This recent headline from that we spotted on Twitter caught our attention:

We clicked on it (and so can you by clicking on the headline) for a lot of reasons, some of which include:

One) We’re always curious about the current job market and what challenges employers and employees are facing.
Two) Heavy turnover affects a company’s bottom line and the amount of money they are spending on background screening.
Three) Millenials make up a huge portion of the workforce (one study reports that 75% of the American workforce will be Millenials workers and employers by 2025) and what affects them, in turn, will affect all of us.
Four) The article was written by an actual millennial who has sufficient real-world experience breaking into the workforce to merit her thoughtful opinions and grounded research.

We could go on, but you get the idea. The gist of the article is that millennials do, indeed, job hop (especially in their careers) but they don’t do it because they are lazy or entitled (although those types of people can, and do, exist in any generation and millennials are no exception). Trading up gigs is actually paramount to their survival. They’re drowning in unprecedented student loan debt and higher living costs. And, because they came of age during a recession they were forced into taking numerous internships just to get a foot in the door without the promise of a full-time position at its closure, they became inherently skeptical about how the American workforce operates and its loyalty to its workers.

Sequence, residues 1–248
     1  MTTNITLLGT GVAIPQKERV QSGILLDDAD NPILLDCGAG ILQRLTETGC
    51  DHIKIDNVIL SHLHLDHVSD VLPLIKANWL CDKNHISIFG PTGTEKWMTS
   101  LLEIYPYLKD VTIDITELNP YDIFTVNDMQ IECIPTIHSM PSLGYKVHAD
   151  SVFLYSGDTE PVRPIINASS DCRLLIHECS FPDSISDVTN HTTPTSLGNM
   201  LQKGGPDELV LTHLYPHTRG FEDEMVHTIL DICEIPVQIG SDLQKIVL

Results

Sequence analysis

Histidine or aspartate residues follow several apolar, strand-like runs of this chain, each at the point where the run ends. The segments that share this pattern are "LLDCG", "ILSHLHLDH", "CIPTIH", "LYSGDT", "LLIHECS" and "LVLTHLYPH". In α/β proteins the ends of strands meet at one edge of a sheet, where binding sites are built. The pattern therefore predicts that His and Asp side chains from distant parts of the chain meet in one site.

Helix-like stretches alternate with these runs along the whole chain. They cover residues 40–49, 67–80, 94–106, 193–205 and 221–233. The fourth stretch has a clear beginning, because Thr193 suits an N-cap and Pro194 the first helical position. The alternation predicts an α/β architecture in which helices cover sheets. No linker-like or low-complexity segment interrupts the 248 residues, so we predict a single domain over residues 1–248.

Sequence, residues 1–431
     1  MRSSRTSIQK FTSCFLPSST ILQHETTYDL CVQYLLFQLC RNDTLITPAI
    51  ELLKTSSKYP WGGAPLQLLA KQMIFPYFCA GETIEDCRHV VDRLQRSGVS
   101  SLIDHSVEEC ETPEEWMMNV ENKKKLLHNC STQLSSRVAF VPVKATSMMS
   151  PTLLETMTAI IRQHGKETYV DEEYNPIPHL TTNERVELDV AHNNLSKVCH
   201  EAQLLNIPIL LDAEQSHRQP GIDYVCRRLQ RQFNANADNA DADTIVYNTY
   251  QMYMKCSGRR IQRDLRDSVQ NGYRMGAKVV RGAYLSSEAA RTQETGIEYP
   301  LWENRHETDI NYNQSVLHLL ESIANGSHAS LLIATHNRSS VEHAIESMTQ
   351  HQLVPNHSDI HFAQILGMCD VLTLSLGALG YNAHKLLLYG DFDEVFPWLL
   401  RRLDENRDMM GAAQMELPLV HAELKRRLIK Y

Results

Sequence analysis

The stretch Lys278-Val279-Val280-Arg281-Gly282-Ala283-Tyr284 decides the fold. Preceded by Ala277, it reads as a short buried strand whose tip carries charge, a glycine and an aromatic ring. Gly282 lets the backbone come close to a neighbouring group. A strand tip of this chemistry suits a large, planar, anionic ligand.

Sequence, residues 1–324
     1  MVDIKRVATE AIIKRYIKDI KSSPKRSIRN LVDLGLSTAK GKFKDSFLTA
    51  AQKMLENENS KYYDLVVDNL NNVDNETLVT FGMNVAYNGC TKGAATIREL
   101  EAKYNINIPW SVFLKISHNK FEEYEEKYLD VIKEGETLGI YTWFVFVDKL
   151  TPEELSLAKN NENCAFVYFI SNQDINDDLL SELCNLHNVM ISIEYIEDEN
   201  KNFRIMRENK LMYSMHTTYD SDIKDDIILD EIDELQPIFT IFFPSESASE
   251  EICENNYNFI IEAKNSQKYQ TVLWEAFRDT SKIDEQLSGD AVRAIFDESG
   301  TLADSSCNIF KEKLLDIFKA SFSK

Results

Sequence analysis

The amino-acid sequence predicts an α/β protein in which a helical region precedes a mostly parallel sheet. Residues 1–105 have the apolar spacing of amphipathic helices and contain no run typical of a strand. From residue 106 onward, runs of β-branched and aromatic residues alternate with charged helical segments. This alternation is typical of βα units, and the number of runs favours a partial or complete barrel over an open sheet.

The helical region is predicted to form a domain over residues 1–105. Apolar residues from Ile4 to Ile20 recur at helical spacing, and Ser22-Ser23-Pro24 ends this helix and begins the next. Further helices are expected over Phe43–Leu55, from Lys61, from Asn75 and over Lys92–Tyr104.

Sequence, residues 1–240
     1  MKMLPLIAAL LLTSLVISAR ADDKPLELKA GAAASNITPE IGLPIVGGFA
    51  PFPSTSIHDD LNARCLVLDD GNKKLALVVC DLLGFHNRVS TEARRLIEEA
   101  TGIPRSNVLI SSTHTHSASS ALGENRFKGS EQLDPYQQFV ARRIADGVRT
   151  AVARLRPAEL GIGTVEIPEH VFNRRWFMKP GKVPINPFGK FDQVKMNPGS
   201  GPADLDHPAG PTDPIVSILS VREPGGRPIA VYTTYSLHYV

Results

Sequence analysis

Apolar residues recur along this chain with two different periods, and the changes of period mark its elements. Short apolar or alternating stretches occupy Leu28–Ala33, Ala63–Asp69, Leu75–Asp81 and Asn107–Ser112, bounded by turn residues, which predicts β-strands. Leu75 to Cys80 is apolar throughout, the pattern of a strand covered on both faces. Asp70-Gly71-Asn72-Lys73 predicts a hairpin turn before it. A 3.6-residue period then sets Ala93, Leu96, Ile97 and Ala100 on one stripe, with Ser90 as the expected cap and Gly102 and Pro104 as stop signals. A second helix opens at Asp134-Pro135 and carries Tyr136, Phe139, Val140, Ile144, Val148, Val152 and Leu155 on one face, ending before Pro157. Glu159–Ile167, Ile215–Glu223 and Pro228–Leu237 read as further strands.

It’s a good read and we definitely think you should check it out. From our perspective though, all this job-hopping has some potentially major implications for the screening industry. Here’s a couple:

Millenials could be seen unfavorably for having switched jobs so much. This is a biggie because most employers, save for those in routinely high turnover industries like retail and restaurant, still favor a traditional, long-term employment run. Most companies prefer to keep a loyal workforce because it helps them keep costs low (for example, not as much time spent on training) and provides consistency and efficiency to operating systems or delivering products. The more a millenial job hops the less likely employers will view them as loyal and willing to work through adversity. And, if you’re not willing to work through adversity, why should an employer spend so much time, money and energy on-boarding you only to have you leave 2 years later?

All that turnover means employers may be forced to run more background checks. As more employers’ budgets are stretched because they need to screen more candidates per year, they’ll be looking for the cheapest options available. Fly-by-night operations who promise ‘instant results’ for chump change will get more business, but their less-than-accurate reporting histories may do some damage to the overall reputation of the screening industry.

Additionally, competition between reputable Consumer Reporting Agencies (CRAs) like us who are nationally accredited, will have a twofold reach; Prices will have to go down to compete with the fly-by-night agencies, and screening agencies’ commitment to research and design will have to increase to develop easier, cheaper, and more practical solutions.

What challenges do you think the millenial job-hopping habit is bringing to employers? How will this affect the role of screening agencies? You’ve read our opinions, now we’d love to hear yours. Send us your thoughts below.

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